Sam and I drove to our farm house in central Kansas just before the pandemic lockdown started in Chicago. I would wake up each morning and remember with dread the pandemic. I could not focus on making any new photography and the work I was doing before I left Chicago felt remote and meaningless. I’ve photographed the beloved farm place a lot, but felt little desire for photographing it more. Then every evening we watched the dusk change to night and the stars emerge in their light and I felt calmed. I wondered if I could make a picture that showed that movement from dusk to night, so throughout April I made pictures of the dusk and the night sky.
Terry Evans, born 1944, United States
Night, April 2020,
inkjet print, Epson Archival inks on Simply Elegant Gold Fibre 310 gsm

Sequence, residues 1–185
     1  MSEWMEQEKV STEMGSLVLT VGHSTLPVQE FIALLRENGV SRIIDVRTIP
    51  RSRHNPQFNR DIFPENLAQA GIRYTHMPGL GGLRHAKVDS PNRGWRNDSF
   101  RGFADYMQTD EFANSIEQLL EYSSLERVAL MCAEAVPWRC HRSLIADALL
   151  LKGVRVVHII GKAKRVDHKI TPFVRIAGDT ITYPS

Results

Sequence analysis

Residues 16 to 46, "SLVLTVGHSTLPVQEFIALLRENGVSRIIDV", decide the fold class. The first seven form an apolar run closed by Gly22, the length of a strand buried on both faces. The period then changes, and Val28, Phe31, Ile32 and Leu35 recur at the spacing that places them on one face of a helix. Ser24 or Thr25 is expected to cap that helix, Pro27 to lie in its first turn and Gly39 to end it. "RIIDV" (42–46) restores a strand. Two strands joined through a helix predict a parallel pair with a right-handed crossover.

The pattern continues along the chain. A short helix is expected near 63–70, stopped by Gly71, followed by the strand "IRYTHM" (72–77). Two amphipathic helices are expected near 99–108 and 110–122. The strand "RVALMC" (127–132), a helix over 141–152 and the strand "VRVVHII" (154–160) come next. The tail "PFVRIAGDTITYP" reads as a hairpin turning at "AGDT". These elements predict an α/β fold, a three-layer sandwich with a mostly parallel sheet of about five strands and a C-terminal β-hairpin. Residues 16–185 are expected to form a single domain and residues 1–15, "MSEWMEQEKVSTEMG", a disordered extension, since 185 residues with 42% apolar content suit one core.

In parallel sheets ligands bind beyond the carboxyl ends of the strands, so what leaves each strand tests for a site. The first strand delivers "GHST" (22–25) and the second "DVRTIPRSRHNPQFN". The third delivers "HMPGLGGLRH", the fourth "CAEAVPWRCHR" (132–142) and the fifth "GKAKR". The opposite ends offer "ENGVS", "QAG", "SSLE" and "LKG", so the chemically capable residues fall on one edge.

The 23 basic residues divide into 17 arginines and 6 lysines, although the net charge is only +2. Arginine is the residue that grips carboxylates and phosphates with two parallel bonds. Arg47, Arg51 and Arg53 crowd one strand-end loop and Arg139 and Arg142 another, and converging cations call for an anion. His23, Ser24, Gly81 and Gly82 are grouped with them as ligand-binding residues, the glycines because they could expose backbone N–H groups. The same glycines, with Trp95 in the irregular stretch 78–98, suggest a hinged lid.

The prairie ecosystem has been a guide for Terry Evans since 1978. She photographs the prairies and plains of North America and the urban prairie of Chicago. Combining both aerial and ground photography, she delves into the intricate and complex relationships between land and people, advocating for the land itself and for local people who suffer environmental racism and injustice. She currently photographs ancient protected prairies and landscapes of hope. Evans has exhibited widely including one-person shows at the Art Institute of Chicago, Nelson-Atkins Museum of Art in Kansas City, Smithsonian National Museum of Natural History, The Field Museum of Natural History, and Amon Carter Museum of Art. Her work is in museum collections including the Museum of Modern Art, San Francisco Museum of Modern Art, Whitney Museum of Art, Art Institute of Chicago, Nelson-Atkins Museum of Art, Houston Museum of Fine Arts, National Gallery of Art, Hirshhorn Museum of Art, Spencer Museum of Art, and many more. Evans has published five books including Heartland: The Photographs of Terry Evans and Prairie Stories. She is a Guggenheim Fellow and the recipient of an Anonymous is a Woman award.